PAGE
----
Cheryl Haver’s evening started out like any other: “Get off work, pick up the kids, go home and start dinner.” But the evening of July 20 turned out differently. Her youngest daughter, Mickenleigh, 4, (“Mickey” or my little monkey”) ended up with a gash in her eyebrow that needed stitches. Even though they were in Grand Prairie at the time, Ms. Haver immediately drove Mickey and her other daughter, Crimson Rose, to Children’s Medical Center at Legacy in Plano. She felt confident in the care Mickey would receive because Legacy is where she takes Crimson Rose, age 9, for severe asthma attacks. Here are excerpts from Ms. Haver’s description of that night:
“As I was in the kitchen, I heard my daughters running around and jumping on the bed. Then I heard a crash and a scream. Mickenleigh had fallen off the bed and hit her head on the night stand drawer that was not closed fully. She came out of the bedroom with her hand over her eye. I had never been so scared. She took her hand off and my heart fell when all I saw was blood. It was all over her face. I finally got her calm enough to get it cleaned off. She had hit her eyebrow and cut it open.”
Sensory integration disorder complicates care
Mickenleigh has a sensory integration disorder and she doesn’t like anyone to touch her face. But she let the doctors and nurses at Children’s at Legacy help her. Ms. Haver says:
“Since Mickey has sensory integration disorder I knew that a regular Emergency Room would probably send her over the edge. We got in the room [at Children's at Legacy] and did not even get to sit down before the nurse came in. She was really great about talking to Mickenleigh and not just to me. The doctor then came in and looked and determined she would need stitches.
Me, being mom, was only thinking my little blonde-haired, blue-eyed baby would be walking around with these black strings over her eyes, and then I would have to go through all this again to get them removed. One of her sensory dislikes is people touching her face. Also when she gets scared or nervous, I have to hold her super tight to calm her down but no one else can restrain her. I voiced all these concerns to the doctor trying to figure out how we are going to keep her still enough to get stitches in her eyebrows. He reassured me that they were going to use dissolvable stitches and they would only do the procedures when Mickenleigh was comfortable. That put me a little more at ease.”
Ms. Haver says her family received great care from every level of professionals at the Emergency Room.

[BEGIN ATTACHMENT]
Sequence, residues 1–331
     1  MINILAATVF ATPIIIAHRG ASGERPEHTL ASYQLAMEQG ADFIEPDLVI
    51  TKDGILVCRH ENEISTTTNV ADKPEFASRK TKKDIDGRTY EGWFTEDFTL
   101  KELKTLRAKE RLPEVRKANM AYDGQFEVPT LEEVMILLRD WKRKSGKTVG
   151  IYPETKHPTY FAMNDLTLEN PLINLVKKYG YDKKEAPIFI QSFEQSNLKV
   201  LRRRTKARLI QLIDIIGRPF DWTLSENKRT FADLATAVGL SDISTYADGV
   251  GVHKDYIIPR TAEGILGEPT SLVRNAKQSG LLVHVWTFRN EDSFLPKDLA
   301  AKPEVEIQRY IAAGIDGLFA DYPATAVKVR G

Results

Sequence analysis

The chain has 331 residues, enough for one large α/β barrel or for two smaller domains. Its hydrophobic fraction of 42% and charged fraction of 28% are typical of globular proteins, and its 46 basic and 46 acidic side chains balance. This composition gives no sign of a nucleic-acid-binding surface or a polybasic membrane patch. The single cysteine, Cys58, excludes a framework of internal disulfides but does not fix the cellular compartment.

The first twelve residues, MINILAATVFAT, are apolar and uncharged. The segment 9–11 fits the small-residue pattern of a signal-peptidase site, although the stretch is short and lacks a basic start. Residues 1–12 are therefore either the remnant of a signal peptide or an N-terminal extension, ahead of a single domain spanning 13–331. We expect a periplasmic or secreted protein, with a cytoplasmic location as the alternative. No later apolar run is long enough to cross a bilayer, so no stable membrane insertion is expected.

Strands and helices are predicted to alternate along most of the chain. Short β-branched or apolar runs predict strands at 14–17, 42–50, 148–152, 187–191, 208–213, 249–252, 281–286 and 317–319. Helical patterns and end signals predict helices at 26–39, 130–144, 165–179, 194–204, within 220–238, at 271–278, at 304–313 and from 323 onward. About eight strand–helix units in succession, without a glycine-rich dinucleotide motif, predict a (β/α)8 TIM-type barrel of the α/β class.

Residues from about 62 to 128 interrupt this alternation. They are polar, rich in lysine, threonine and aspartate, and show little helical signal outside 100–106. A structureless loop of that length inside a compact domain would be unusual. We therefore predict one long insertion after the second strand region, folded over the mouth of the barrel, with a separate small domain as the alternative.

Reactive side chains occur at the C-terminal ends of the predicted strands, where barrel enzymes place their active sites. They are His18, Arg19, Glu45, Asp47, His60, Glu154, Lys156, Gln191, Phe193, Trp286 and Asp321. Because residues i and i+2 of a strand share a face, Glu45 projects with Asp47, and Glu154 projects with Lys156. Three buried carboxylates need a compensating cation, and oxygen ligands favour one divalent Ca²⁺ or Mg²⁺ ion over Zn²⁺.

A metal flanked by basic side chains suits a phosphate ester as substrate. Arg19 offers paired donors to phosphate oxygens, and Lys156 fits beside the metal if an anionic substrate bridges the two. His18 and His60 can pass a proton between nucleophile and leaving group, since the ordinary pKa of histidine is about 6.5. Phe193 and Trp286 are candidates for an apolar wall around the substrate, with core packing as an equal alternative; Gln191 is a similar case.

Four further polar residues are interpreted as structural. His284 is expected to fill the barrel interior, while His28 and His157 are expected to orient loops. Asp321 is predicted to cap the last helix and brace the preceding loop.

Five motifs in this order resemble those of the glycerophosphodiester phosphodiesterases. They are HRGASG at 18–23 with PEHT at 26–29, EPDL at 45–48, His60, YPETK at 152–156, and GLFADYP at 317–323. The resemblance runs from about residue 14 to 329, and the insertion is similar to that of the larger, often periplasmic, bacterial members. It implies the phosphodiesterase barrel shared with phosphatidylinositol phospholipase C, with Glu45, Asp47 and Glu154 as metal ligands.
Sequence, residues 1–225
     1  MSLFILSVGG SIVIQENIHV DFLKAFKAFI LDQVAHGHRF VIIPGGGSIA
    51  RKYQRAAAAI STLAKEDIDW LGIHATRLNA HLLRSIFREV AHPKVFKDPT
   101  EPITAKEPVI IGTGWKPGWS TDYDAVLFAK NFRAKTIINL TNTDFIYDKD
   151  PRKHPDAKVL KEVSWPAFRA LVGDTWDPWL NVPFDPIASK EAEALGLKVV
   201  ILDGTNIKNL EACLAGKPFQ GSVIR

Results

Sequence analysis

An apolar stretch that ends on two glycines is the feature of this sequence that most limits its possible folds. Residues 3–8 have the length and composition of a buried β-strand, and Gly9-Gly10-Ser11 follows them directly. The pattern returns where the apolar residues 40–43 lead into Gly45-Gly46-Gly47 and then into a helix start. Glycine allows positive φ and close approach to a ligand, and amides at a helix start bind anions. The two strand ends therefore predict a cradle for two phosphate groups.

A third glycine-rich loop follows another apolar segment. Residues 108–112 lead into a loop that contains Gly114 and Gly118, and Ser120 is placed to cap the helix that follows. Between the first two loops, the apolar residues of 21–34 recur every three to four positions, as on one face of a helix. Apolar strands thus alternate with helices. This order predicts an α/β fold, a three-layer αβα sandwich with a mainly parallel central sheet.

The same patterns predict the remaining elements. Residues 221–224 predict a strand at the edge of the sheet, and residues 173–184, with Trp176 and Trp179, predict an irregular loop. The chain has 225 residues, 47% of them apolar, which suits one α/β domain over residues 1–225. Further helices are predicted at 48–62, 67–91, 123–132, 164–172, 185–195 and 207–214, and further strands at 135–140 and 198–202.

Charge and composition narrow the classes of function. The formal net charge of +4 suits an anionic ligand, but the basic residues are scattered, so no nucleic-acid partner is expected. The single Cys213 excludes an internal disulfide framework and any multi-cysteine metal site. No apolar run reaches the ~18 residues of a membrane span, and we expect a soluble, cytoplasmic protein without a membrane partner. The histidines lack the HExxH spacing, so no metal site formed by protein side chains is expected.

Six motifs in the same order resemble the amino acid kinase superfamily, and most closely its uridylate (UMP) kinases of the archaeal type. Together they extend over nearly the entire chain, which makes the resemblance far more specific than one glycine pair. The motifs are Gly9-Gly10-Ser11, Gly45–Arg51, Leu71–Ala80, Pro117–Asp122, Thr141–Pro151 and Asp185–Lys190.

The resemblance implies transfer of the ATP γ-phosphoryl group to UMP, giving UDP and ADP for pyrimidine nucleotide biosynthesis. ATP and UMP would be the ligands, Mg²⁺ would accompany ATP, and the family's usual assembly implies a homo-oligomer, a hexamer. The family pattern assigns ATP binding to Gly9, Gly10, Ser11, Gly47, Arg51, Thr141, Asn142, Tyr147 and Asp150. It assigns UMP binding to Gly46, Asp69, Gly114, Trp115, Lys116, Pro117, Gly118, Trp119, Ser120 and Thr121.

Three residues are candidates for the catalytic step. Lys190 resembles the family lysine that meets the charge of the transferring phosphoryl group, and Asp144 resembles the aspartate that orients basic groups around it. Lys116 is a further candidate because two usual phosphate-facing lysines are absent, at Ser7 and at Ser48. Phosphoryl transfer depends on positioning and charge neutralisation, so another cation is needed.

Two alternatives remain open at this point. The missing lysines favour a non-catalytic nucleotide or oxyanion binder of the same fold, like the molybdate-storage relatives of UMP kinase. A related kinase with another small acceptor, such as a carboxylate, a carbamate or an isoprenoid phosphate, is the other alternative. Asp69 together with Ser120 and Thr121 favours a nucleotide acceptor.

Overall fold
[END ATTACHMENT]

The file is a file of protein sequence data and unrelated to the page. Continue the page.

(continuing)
“A woman from the Child Life department came in and explained that she was there just for Mickenleigh and would sit with Mickenleigh and me through the whole procedure. She would also answer any questions that Mickenleigh might have. She brought in coloring books, crayons, and a doctor kit for the girls to play with. She just sat and talked to Mickenleigh and answered all her questions no matter how silly they were. She walked Mickenleigh through step by step what was going to happen. She really helped put Mickenleigh at ease.
The nurse came back in to put a numbing gel on Mickenleigh’s eyebrow and was just very patient and understanding and did everything on Mickenleigh’s own time. Since this was night time, I knew we would be there during shift change. Usually in regular ER’s, people come and go and never tell you who they are. But at Children’s that was different. The first doctor came back in with another doctor and explained to Mickenleigh that he was getting off work and was wondering if it was OK that he left and his friend take over. He was willing to stay if that is what Mickenleigh wanted. They talked to Mickenleigh and discussed everything with her just like she was an adult and not a 4-year-old scared little girl. She told the doctor it was OK for him to go home.
When it was finally time to put the stitches in, my stomach was turning. Even though it made it harder on himself, the doctor let me hold her in my lap instead of trying to hold her lying down in the bed. He kept reassuring Mickenleigh and made sure it was OK for him to start stitching. Everyone explained to Mickenleigh step by step how they were going to put in the stitches.
The “toy lady” brought in movies and a few toys to try to distract Mickenleigh from what was happening. Of course that was hard since they were working on her eye. Of course she started screaming as soon as the doctor started, but he was very calming and just kept talking to her. I did not realize that in order to use the stitches that dissolved it would be harder on him since those are colored blonde and she has blonde eyebrows. I don’t know how he did it but he managed to get the stitches in and Mickenleigh was OK. She wiped the tears away and the doctor explained to her how to take care of her wound. The girls then got Popsicles and juice.”
Ms. Haver likes the fact that her family got follow-up care from Children’s.
“Children’s even called the next day just to check on Mickenleigh and make sure everything was still OK. They are so loving and caring and truly do their jobs because they love children. You can see it in their eyes and feel it when they talk to you. I will drive out of my way just to take my babies to Children’s. I am so glad that Children’s Legacy is there. They are the best.”